How to prevent young people joining ISIS?

How do you counter the appeal of ISIS? For all its brutality, young people continue to make the journey to Syria and Iraq to join its ranks. Scott Atran, author of Talking to the Enemy and an expert on counter-radicalisation, believes he has the answer.

scott-atran-un-pHow do you counter the appeal of ISIS? For all its brutality, young people continue to make the journey to Syria and Iraq to join its ranks. Scott Atran, author of Talking to the Enemy and an expert on counter-radicalisation, believes he has the answer. Last week Atran addressed the UN Security Council during a special session on countering violent extremism and promoting peace.

Atran argued that there are powerful cultural forces behind ISIS. Many young people feel a deep dissatisfaction with society and find in ISIS adventure, comaraderie and a sense of belonging. Most attempts to dissuade young people from joining ISIS focus on the negative – the violence, savagery, and repression. For Atran this will not work. Stopping the growth of ISIS means offering an alternative – appealing to the idealism of youth and presenting a positive counter-narrative.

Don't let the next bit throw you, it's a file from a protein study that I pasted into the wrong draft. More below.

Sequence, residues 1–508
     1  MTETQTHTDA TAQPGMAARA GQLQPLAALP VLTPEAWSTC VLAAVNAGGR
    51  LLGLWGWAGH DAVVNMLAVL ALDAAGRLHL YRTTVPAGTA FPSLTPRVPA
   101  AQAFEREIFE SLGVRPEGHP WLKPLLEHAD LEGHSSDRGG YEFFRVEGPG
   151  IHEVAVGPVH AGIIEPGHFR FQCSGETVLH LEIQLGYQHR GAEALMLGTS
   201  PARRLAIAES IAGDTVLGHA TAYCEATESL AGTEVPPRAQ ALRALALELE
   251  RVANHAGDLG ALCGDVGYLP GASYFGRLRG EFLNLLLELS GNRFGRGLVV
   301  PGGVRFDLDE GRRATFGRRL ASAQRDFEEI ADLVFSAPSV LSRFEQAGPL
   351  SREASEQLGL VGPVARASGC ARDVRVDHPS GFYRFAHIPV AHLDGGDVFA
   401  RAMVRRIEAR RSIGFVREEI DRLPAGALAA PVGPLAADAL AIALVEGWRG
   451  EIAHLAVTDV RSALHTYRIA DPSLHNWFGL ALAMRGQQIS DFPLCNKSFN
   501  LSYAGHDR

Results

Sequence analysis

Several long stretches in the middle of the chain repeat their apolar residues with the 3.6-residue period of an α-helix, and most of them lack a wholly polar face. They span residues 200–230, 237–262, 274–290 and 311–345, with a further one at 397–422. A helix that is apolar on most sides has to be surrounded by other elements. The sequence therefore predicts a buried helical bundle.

Young people also need to be empowered to effect change locally, in their own communities. Atran told the Security Council about our partner Aware Girls in Pakistan, as an example. Started by sisters Gulalai and Saba Ismail when they we just teenagers, Aware Girls is training young people to be peace activists and reach out to those most at risk of radicalisation.

Through work such as this, young people in organisations like Aware Girls, Action for Peace and Development in Burundi, or the Young Visionaries in Sri Lanka, are offering a powerful alternative to radicalisation.

You can watch Atran’s full address to the UN Security council below.

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